Fire and police units throughout the city converged on the intersection. The contingent included Chief Mike Bell, EMS Bureau Deputy Chief Bob Metzger, and Acting Deputy Chief of Field Operations John Coleman.

The carnage did not stop at Jackman and Sylvania. About four blocks away on Barrows Street, Chappel attempted to hijack another car. He demanded the keys from Brandy Williams, who had just parked her vehicle in front of her house. She turned and ran up the steps and was shot in the back on her front porch.

Chief Coleman, who had assumed command, diverted units not needed at Sylvania and Jackman to the scene of the Barrows shooting. The police, fire, and rescue crews at the Barrows Street location were extremely anxious. They knew a crazed gunman was shooting at rescue workers; they did not know his location.


Chappel was not finished yet. Amazingly, he drove to the Toledo Hospital parking lot, where, it is believed, he was waiting to “finish the job” he had started out to do. Based on the description that Cook had broadcast, a Toledo police officer approached Chappel`s car.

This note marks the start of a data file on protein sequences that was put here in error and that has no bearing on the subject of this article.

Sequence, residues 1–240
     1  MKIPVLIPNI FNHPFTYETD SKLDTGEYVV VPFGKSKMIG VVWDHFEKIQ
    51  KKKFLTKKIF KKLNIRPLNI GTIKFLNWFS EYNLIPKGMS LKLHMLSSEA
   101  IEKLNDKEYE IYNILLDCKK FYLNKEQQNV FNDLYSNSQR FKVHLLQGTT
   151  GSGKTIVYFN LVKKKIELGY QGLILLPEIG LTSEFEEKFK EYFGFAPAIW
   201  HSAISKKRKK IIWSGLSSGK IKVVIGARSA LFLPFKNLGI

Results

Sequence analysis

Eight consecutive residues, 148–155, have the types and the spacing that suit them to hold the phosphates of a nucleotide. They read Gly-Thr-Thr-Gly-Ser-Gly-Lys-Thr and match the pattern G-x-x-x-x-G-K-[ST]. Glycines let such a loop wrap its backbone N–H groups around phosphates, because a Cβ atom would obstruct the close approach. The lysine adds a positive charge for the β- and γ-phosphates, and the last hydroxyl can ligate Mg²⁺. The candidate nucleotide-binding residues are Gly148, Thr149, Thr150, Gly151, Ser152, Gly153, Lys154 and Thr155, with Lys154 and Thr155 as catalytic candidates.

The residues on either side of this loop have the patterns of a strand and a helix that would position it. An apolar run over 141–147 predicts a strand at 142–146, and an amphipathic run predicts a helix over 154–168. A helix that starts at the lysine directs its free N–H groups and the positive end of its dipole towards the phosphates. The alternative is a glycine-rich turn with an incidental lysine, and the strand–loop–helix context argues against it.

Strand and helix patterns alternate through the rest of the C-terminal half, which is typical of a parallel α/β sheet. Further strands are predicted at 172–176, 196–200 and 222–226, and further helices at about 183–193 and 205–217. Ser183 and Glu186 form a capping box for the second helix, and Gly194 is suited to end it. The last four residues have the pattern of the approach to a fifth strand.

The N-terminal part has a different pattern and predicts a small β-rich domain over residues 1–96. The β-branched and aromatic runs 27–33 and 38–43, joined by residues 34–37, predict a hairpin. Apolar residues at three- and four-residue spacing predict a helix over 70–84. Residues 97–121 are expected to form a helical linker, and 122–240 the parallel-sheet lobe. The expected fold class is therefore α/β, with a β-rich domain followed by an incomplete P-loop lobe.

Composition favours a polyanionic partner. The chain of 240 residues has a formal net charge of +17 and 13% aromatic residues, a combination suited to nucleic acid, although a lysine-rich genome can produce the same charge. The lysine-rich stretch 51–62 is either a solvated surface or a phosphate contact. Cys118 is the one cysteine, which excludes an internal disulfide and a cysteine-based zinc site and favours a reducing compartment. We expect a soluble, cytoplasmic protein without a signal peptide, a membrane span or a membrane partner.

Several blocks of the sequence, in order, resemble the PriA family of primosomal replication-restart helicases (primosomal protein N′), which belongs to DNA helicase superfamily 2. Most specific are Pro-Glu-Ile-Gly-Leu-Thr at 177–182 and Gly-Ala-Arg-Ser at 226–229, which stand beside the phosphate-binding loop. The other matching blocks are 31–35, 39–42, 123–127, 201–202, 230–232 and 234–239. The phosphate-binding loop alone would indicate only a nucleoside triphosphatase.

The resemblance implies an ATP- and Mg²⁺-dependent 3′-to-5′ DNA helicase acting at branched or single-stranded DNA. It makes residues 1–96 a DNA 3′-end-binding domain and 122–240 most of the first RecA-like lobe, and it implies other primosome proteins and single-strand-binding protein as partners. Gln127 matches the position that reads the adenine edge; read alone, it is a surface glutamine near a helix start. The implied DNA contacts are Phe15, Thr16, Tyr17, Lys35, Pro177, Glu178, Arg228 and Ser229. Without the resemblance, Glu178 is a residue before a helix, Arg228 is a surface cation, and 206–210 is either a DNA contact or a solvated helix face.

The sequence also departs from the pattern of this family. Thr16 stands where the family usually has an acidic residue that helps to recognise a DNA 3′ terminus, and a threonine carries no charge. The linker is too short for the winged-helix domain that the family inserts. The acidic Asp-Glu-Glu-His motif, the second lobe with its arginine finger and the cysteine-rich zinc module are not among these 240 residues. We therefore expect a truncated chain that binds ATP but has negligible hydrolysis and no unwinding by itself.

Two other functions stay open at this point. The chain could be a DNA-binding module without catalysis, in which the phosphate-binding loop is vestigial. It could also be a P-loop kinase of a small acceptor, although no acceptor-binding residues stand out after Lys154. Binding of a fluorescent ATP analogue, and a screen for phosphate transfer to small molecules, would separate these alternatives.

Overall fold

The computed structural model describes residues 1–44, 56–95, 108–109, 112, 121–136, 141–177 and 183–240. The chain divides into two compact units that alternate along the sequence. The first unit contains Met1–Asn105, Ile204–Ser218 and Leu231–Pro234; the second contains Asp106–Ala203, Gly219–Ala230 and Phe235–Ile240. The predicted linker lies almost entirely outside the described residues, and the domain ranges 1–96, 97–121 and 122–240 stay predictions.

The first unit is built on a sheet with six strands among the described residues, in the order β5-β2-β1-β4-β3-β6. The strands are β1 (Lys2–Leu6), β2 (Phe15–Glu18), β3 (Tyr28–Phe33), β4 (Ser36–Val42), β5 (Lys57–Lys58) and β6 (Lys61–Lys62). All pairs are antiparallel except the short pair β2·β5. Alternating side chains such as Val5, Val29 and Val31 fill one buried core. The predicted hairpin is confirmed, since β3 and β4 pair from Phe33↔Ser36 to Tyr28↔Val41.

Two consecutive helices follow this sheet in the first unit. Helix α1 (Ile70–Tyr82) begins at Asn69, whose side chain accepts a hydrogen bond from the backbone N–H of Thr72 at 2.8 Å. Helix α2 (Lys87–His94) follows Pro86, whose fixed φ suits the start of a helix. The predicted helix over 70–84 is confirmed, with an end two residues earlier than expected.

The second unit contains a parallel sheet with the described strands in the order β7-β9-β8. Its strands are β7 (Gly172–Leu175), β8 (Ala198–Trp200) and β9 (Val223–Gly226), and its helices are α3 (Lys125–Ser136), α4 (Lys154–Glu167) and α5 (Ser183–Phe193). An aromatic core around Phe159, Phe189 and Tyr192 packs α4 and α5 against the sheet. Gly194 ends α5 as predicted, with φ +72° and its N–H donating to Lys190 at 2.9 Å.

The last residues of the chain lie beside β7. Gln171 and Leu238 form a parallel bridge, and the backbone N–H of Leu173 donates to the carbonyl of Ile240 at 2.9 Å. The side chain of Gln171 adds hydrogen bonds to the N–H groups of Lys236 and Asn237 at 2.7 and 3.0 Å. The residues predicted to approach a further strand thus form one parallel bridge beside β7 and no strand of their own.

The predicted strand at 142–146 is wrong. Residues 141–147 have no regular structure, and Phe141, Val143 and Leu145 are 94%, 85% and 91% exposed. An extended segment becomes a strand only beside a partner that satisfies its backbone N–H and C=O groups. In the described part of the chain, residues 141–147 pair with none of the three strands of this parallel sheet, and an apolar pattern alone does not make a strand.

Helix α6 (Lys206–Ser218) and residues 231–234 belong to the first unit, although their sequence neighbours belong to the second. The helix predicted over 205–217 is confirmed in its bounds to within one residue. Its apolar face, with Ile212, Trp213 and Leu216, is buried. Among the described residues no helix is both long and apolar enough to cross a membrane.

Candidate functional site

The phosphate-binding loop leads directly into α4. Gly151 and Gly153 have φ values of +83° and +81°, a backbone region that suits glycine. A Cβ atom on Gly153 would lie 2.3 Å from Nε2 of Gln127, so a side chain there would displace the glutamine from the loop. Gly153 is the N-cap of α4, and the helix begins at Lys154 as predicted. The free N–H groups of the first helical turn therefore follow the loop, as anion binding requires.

A chase ensued until police rammed his car at the intersection of Secor and Monroe Streets. Chappel raised his shotgun for the last time as police officers shot and killed him. Ironically, it was Chief Bell, who still maintains his paramedic status, who pronounced Chappel dead. Bell had responded about 10 blocks from the original shooting when the call came in for Monroe Street.

The department`s work was not yet finished that day. We had to deal with still more emotional and physical trauma. Cook underwent emergency surgery and survived. Vivian Morris died en route to the hospital. The Barrows Street shooting victim also died.

The department`s critical incident stress debriefing team was activated. That evening, we held a defusing for fire, police, and other emergency workers, including dispatch personnel, at Toledo Hospital.

Family members were notified. After the defusing, most of the members involved in the incident were sent home for the remainder of the shift. A formal debriefing was conducted on the following Monday. Its purpose was to update members on new information that had become known later and to give the parties another chance to talk about the incident.